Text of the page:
Father sues to allow daughter who joined Islamic State to return to US
- Trump has attacked European allies that have not taken back hundreds of IS prisoners caught in Syria, where Trump plans to withdraw U.S. troops. By comparison, relatively few Americans have embraced radical Islam. The Counter Extremism Project at George Washington University has identified 64 Americans who joined IS in Syria or Iraq.
- Europe is debating the nationality of some extremists. Britain recently revoked the citizenship of Shamina Begum, who like Muthana traveled to Syria and wants to return to her country of birth.
- London asserted that because of her heritage she was entitled to Bangladeshi citizenship, but the Dhaka government Wednesday denied that she was eligible, leaving her effectively stateless.
The father of an American-born woman who defected to the Islamic State terrorist group filed a lawsuit Thursday against the Trump administration because he wants his daughter to be allowed to return to the United States.
The Constitutional Law Center for Muslims in America (CLCMA) filed the complaint on behalf of Ahmed Ali Muthana, the father of Hoda Muthana and grandfather of her young son.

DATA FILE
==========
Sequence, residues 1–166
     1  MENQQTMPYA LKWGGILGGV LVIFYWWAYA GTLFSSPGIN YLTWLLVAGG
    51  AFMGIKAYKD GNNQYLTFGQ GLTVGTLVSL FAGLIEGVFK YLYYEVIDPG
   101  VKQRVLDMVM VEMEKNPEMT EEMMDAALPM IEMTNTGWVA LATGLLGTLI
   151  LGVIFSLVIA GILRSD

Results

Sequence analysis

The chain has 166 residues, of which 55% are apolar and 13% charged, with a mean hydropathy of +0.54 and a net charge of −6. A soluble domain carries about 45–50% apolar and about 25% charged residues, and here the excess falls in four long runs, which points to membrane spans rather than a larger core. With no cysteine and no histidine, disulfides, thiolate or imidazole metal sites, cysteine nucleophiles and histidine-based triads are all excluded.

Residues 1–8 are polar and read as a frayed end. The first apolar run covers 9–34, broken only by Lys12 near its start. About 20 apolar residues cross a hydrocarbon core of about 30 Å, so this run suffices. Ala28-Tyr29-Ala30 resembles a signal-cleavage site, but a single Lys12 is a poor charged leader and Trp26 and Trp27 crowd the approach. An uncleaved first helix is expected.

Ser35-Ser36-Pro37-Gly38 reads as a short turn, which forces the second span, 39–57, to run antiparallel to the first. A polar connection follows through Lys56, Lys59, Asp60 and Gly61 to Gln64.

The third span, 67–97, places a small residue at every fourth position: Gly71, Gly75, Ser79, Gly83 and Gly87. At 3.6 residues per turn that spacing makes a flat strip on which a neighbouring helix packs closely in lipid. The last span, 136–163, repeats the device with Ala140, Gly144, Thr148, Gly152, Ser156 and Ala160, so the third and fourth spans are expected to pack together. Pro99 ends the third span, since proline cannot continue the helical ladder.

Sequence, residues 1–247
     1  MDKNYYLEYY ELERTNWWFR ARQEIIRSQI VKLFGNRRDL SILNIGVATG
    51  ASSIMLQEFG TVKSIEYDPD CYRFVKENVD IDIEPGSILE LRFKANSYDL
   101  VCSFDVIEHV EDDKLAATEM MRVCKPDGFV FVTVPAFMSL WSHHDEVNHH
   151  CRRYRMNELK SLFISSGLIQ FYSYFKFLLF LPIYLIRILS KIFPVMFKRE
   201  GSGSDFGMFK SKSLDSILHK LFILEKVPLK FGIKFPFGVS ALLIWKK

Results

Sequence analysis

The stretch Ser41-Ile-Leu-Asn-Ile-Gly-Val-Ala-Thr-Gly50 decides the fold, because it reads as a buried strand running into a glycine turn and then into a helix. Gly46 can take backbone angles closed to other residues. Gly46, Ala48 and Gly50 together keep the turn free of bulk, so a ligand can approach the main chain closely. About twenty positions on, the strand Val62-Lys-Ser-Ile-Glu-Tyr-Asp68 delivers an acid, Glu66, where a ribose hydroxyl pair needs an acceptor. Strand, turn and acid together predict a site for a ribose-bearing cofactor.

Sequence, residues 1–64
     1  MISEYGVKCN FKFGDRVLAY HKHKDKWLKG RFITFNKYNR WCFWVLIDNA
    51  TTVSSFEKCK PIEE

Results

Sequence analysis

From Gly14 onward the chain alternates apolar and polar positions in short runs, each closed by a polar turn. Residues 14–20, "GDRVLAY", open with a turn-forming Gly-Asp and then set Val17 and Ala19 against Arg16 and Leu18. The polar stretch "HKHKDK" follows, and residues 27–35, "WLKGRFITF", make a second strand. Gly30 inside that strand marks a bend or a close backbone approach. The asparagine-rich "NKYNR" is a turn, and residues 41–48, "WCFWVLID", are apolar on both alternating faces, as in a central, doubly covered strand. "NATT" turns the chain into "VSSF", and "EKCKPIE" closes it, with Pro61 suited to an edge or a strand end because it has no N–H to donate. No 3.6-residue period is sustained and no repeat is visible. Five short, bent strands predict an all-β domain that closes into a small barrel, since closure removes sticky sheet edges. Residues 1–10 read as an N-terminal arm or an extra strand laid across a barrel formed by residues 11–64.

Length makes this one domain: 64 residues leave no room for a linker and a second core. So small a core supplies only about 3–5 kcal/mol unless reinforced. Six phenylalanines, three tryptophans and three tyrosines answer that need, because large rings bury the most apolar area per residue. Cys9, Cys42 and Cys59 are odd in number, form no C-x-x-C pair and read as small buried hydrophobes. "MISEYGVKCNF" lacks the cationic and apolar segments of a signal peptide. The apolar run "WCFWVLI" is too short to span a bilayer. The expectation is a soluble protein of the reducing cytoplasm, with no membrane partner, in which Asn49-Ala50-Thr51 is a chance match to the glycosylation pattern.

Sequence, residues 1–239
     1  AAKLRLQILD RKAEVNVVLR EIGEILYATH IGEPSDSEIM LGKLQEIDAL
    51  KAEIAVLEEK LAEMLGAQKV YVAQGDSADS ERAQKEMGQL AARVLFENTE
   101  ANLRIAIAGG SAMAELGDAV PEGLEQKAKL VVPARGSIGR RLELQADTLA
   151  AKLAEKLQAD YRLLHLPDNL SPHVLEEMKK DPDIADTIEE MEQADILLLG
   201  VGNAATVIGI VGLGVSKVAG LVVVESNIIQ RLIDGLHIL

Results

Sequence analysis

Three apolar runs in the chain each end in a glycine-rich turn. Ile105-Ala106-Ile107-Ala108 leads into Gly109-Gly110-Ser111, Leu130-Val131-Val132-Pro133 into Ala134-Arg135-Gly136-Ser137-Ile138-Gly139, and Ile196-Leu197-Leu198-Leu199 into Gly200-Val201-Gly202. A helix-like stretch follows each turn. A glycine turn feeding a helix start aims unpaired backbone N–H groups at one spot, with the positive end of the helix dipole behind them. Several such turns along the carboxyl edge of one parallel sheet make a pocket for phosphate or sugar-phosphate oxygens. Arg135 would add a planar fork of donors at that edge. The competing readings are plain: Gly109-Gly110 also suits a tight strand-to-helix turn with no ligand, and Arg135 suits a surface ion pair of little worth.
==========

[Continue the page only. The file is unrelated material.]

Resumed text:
CLCMA said in a statement that the suit is “seeking declaratory relief recognizing (Hoda Muthana’s) citizenship, and injunctive relief requiring the United States to make good faith efforts to return her and her young son to the United States.”
The civil suit was filed, the statement said, “not to defend her from criminal prosecution, but instead seeking recognition of her United States citizenship, which prior to her departure was not in dispute and the citizenship of her young son.”
Pompeo: She’s not a citizen
Earlier Thursday, U.S. Secretary of State Mike Pompeo contended that the woman is not a U.S. citizen and should not be allowed to return home from Syria because her father was a Yemeni diplomat.
President Donald Trump said he ordered Pompeo to not let Muthana return to the U.S., even though her lawyer says she is willing to face U.S. prosecution that she willingly went to Syria and used social media to praise the killings of Westerners.
“She may have been born here,” Pompeo told NBC’s “Today” show. “She is not a U.S. citizen, nor is she entitled to U.S. citizenship.”
He contended that the 24-year-old woman, now with a child born in a relationship with one of her three jihadist husbands, is not an American citizen because of her father’s diplomatic status.
Father not a diplomat
But Muthana’s lawyer told U.S. news outlets that the father had ended his diplomatic service “months and months” before his daughter was born in the eastern U.S. state of New Jersey in 1994, thus making her an American citizen.
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